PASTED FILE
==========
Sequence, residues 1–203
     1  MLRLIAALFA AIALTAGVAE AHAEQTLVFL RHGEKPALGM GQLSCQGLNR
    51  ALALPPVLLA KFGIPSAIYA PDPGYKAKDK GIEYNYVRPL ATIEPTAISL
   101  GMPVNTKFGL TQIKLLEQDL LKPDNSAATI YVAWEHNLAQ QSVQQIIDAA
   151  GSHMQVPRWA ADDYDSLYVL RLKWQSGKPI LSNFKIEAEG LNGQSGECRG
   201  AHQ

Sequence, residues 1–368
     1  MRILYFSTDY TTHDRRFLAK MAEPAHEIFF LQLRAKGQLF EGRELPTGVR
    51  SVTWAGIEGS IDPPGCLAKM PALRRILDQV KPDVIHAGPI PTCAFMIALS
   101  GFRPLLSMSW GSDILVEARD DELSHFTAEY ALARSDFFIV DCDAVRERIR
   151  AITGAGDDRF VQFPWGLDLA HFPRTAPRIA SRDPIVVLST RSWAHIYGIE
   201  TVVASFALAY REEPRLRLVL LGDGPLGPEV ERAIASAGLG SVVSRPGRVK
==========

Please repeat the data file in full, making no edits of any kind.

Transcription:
Sequence, residues 1–203
     1  MLRLIAALFA AIALTAGVAE AHAEQTLVFL RHGEKPALGM GQLSCQGLNR
    51  ALALPPVLLA KFGIPSAIYA PDPGYKAKDK GIEYNYVRPL ATIEPTAISL
   101  GMPVNTKFGL TQIKLLEQDL LKPDNSAATI YVAWEHNLAQ QSVQQIIDAA
   151  GSHMQVPRWA ADDYDSLYVL RLKWQSGKPI LSNFKIEAEG LNGQSGECRG
   201  AHQ

Sequence, residues 1–368
     1  MRILYFSTDY TTHDRRFLAK MAEPAHEIFF LQLRAKGQLF EGRELPTGVR
    51  SVTWAGIEGS IDPPGCLAKM PALRRILDQV KPDVIHAGPI PTCAFMIALS
   101  GFRPLLSMSW GSDILVEARD DELSHFTAEY ALARSDFFIV DCDAVRERIR
   151  AITGAGDDRF VQFPWGLDLA HFPRTAPRIA SRDPIVVLST RSWAHIYGIE
   201  TVVASFALAY REEPRLRLVL LGDGPLGPEV ERAIASAGLG SVVSRPGRVK